Agar The First Potential Premium Product

Taylor Scott International News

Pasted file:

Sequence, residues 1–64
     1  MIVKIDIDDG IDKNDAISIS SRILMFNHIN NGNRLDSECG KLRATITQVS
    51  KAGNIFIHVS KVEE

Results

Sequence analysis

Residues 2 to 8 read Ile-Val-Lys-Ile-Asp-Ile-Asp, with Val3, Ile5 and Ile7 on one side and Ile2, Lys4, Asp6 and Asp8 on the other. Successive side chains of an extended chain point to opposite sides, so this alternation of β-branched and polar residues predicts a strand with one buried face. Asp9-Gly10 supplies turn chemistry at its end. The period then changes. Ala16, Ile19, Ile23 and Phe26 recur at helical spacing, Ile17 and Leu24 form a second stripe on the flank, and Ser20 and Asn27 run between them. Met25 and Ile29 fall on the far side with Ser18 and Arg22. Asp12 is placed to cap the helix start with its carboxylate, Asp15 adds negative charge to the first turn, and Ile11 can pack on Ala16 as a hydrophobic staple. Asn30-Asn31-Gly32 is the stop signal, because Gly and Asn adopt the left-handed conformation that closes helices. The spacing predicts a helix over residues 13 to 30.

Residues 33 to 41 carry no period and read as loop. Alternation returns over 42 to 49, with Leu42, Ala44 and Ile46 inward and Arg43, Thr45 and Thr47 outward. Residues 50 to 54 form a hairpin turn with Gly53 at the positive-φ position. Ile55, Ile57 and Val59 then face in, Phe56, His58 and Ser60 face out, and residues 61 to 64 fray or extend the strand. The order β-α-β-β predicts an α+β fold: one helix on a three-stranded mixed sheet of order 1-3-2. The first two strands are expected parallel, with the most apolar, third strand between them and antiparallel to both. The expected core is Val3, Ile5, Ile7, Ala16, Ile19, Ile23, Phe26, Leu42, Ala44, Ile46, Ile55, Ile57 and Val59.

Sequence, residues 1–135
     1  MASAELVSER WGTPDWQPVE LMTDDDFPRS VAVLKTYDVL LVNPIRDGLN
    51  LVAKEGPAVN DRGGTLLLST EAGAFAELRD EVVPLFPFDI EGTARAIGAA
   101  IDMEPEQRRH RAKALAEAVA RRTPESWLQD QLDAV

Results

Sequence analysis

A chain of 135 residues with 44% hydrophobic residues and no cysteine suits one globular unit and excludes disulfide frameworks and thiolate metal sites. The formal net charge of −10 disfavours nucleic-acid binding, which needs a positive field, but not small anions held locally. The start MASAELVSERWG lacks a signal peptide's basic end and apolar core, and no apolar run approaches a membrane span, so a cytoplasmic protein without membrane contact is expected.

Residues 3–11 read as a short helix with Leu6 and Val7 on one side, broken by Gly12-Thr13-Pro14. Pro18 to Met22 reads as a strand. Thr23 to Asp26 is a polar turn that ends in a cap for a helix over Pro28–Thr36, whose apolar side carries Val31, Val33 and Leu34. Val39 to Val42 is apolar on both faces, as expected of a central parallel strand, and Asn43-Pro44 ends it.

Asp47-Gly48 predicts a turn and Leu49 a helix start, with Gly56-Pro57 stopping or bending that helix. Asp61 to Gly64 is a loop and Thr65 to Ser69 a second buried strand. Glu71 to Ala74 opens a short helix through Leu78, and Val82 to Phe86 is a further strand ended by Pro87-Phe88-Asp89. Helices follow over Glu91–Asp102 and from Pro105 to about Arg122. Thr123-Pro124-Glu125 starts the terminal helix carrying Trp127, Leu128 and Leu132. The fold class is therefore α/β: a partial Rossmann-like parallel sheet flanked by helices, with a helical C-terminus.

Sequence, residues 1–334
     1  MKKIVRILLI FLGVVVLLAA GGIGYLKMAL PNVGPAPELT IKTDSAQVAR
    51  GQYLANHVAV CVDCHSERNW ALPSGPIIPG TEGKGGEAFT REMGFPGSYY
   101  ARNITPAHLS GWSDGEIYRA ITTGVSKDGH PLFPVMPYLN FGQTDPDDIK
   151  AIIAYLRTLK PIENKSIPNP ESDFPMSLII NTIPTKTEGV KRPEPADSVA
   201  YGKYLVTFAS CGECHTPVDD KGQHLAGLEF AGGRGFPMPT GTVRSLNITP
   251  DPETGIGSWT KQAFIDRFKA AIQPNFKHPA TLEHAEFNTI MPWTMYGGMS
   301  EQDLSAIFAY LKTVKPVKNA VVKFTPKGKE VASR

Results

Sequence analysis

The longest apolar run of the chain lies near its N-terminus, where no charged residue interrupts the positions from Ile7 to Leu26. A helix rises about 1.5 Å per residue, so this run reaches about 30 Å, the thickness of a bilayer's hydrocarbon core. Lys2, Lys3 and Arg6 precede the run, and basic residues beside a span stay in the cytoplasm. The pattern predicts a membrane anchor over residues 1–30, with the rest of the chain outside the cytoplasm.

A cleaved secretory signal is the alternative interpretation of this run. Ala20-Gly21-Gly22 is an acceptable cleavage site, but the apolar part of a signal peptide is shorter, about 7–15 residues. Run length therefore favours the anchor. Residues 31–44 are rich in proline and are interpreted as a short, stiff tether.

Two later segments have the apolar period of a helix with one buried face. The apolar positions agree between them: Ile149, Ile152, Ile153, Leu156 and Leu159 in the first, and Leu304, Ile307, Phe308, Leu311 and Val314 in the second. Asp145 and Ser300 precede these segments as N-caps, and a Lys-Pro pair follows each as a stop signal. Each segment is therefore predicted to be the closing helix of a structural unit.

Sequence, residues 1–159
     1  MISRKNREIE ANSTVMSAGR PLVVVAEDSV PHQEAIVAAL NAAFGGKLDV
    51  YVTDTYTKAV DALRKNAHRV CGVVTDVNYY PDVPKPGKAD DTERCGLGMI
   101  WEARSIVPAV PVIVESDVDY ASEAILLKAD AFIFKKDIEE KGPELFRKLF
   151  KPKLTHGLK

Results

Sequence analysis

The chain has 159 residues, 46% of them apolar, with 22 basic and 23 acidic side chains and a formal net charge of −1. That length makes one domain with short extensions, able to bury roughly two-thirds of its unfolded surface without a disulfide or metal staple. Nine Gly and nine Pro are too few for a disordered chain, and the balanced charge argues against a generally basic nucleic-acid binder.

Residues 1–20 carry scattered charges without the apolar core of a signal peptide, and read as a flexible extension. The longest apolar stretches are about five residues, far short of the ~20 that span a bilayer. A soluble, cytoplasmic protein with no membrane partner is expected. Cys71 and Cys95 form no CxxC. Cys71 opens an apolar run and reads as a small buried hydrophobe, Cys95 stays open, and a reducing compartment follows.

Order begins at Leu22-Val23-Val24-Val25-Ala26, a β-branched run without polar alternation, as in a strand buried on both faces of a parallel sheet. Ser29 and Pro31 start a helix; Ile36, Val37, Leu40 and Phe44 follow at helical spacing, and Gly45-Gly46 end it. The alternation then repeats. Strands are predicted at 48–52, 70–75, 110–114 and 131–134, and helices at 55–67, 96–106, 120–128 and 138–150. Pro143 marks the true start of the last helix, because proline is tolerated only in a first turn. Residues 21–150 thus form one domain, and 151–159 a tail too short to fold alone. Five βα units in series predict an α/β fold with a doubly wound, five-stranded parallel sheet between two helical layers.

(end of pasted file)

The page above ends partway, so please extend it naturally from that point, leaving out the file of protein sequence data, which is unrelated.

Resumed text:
Published : Saturday, 03 August 2013 Md Joynal Abdin Sujanagar union of Baralekha upazila under Moulvibazar district is the birthplace of Bangladeshi Agar-Agar wood and Agar oil. The Agar entrepreneurs of Sujanagar claim to be the first producers of the product in this subcontinent. Their relatives migrated to Assam (eastern province of India) and started Agar business there. The Mumbai Agar is a product of the migrant Bangladeshi people. According to what they claim, the Agar business in Bangladesh started its journey from Sujanagar about 400 years ago. About 150 factories are producing the fully export-oriented Agar wood and Agar oil at Sujanagar. They are producing premium (high-priced) products by using all local raw materials and machinery. Currently, they earn about Tk 500-750 million a year by exporting Agar products. It is now mentioned as an industry in any government document. Though the history of Agar industry in Bangladesh dates about 400 years back, Indian literature denotes the existence of Agar wood 2,000 years ago. It is an integral part of religious rituals of Hindus, Buddhists, Muslims, Christians, Taos, Sufis etc. In addition, it is widely used in Ayurveda, Unani, Arabic, Tibetan, Sufi and Chinese medicinal practices. The followers of Buddha believe that by burning Agar-wood and taking in its aroma one can reach the ultimate stage of meditation. It has found a mention in the 8th century tombs of Shahin Muslims. Agar trees grow in Bangladesh, Bhutan, India, Indonesia, Laos, Vietnam, Malaysia, Myanmar, the Philippines, Singapore, Brunei, and Thailand. The leading Agar exporting countries are China, Taiwan, Hong Kong, Vietnam, Thailand, Singapore, Malaysia, Indonesia, Cambodia, India, the UK, Laos and Myanmar. There are few reserves of Agar trees in government-owned forests in Bangladesh. However, some dishonest officials of the Bangladesh Forest Department (BFD) often sell these trees on auction to middlemen. They do not have any Agar factories. They do not produce any Agar-wood or Agar oil. The middlemen then again sell the Agar trees to the local or foreign Agar producers. And thus the Agar-oil producers have to pay higher prices. If the government ensures transparency of the auction, the real entrepreneurs will be benefited and the industry will grow further. According to a study of the Forest Research Institute Malaysia (FRIM), the world needs 4.5 million kilograms of Agar-wood per year and that is only the official figure. Unofficially, the world demands around six million kilograms per year. However, the producing countries could meet only 35 per cent of the demand led by India, the main producer, contributing only 12 per cent, Indonesia in the second place with seven per cent and Malaysia third with only six per cent. Thailand, Laos and Cambodia come after Malaysia. According to the study, 80 countries use gaharu or Agar products with the Middle East being the biggest importer. Only 35 per cent of the world’s demand is met by all Agar product producing countries. So there is a gap of 65 per cent between the demand and the supply of Agar products. So it is one of the overpriced products in the world. Bangladesh has a favourable climate for large-scale Agar plantation. We have skilled manpower and indigenous technology to produce the finest Agar wood and Agar oil. A big potential market is there. So the government should facilitate large-scale Agar production in Bangladesh. It can be the first Bangladeshi premium products to earn the highest amount of foreign currencies, if the necessary policy support is available from the government. Any public-private joint initiative help tap the enormous export potential of it. If Bangladesh does not take any initiative right now, other countries like Brunei, Malaysia etc may seize the opportunity to capture such a big market. ………………………………….. The writer is Programme Officer (Research & SME Journal) of the SME Foundation Taylor Scott International

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